Officer fined in speeding case

The Columbus police captain who was ticketed in October for driving 103 mph in a 65 mph zone, then missed his first appearance hearing and was cited for contempt of court, appeared in Columbus Recorder's Court this morning.

Capt. J.D. Hawk pleaded no contest at this morning's 9 a.m. hearing to the speeding charge and not guilty to the contempt charge. Judge Michael Cielinski accepted Hawk's no contest plea on the speeding charge, but still ordered him to serve 20 days probation. The judge also ordered the Patrol Services Division supervisor to pay $430 on the contempt charge.

Hawk entered the pleas to Cielinski through his attorney Frank Martin who told the judge that his client was speeding in his personal vehicle on Manchester Expressway to get to his 13-year-old daughter the afternoon of Oct. 23, 2007. Hawk said his daughter called him and was "hysterical" because the fire alarm at home had gone off. Hawk was off duty at the time.

"I was acting as a father and not really thinking," Hawk said.

The contempt charge came after Hawk failed to show up for his first appearance hearing at 9 a.m. on Dec. 5. Hawk testified that a female police officer had told him not to come to court. The police officer, standing beside Hawk, testified that she told Hawk not to come to court because Trooper First Class J.D. Perry, who had ticketed Hawk, told her Hawk did not have to come to court.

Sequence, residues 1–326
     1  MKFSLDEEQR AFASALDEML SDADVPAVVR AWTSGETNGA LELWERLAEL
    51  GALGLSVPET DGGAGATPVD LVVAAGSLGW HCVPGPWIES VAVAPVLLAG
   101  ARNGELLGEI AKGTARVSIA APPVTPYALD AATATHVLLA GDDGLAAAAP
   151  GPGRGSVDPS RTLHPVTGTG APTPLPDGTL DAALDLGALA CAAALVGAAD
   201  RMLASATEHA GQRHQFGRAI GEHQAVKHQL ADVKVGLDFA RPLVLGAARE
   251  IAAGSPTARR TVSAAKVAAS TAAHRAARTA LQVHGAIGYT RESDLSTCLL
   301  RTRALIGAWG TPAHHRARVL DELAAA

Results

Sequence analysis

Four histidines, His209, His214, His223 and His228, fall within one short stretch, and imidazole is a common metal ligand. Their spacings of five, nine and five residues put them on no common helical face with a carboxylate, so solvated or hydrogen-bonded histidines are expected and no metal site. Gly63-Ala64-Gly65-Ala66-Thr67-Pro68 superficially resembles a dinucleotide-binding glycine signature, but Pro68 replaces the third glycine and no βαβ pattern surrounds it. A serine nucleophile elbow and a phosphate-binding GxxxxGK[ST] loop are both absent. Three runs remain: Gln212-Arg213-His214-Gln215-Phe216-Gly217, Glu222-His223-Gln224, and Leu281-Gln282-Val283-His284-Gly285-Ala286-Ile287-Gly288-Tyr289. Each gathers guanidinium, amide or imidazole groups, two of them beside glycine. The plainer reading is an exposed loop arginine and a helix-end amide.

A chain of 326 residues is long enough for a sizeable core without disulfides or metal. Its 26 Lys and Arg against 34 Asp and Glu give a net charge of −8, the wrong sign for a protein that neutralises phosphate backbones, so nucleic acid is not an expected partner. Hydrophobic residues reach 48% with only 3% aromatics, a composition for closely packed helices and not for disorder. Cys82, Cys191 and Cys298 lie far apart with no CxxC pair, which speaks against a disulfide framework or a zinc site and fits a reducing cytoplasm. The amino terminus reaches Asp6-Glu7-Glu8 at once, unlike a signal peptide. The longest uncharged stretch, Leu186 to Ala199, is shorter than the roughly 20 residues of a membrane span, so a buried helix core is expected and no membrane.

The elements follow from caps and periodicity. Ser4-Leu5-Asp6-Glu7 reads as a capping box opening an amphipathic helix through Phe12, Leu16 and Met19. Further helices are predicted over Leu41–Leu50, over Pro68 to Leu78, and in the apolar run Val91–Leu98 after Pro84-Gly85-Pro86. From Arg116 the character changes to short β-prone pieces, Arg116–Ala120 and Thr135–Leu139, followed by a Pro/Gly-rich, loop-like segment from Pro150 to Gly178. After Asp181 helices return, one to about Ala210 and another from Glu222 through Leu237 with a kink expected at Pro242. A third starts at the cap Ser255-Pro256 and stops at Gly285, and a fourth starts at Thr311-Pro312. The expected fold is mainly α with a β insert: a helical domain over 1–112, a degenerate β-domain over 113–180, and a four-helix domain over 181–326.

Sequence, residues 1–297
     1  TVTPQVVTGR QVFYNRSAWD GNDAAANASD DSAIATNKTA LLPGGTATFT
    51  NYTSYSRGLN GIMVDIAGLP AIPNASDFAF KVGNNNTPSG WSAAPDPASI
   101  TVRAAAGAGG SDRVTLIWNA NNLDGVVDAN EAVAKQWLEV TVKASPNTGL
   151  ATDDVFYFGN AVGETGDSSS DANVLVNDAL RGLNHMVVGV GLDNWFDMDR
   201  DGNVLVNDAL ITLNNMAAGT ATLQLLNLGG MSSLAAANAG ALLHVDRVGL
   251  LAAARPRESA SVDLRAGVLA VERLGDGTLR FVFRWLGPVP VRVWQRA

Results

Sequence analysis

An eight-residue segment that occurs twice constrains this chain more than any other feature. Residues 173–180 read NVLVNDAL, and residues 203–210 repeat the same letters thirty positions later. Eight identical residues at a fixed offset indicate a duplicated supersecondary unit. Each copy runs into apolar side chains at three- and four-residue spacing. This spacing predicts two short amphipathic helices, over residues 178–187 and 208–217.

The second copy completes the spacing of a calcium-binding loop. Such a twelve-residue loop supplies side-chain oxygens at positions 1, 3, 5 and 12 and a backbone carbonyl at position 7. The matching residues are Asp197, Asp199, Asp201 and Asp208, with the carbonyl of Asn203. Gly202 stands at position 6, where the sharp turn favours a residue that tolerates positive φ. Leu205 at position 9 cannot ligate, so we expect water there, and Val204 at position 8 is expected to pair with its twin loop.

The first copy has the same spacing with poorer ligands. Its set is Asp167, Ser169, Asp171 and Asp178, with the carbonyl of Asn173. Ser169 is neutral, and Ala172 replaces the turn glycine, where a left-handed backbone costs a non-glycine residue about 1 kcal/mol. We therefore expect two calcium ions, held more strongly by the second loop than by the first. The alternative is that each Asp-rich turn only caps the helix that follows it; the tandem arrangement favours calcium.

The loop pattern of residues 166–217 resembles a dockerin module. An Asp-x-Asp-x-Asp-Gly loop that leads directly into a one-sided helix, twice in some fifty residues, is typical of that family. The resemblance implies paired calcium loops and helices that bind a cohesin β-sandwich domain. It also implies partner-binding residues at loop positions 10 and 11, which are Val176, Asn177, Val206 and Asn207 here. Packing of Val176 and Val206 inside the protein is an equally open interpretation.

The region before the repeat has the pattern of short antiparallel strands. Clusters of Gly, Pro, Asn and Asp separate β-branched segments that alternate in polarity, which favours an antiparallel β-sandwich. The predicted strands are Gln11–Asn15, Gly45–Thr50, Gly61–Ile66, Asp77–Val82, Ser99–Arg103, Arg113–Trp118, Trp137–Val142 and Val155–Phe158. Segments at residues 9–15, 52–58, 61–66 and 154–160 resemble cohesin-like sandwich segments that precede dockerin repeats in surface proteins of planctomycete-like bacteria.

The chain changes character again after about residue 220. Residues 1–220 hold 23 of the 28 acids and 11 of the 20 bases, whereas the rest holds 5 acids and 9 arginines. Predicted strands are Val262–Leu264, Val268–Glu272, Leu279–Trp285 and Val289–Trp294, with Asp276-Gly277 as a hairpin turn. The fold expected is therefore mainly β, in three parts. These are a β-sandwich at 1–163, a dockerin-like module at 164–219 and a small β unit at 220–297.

To this testimony, Perry shook his head no.

The female officer also told Cielinski she had called and spoken to two Recorder's Court clerks who had confirmed that Hawk was not needed in court on Dec. 5.

Cielinski became agitated when she said this and scolded both Hawk and the testifying female officer.

"You've been an officer long enough to know that you can't make those decisions," the judge told Hawk. "You get another ticket, you better be in court."

Turning to look at the female officer, dressed in plain clothes, Cielinski said, "The calls to the clerks office should have never been made."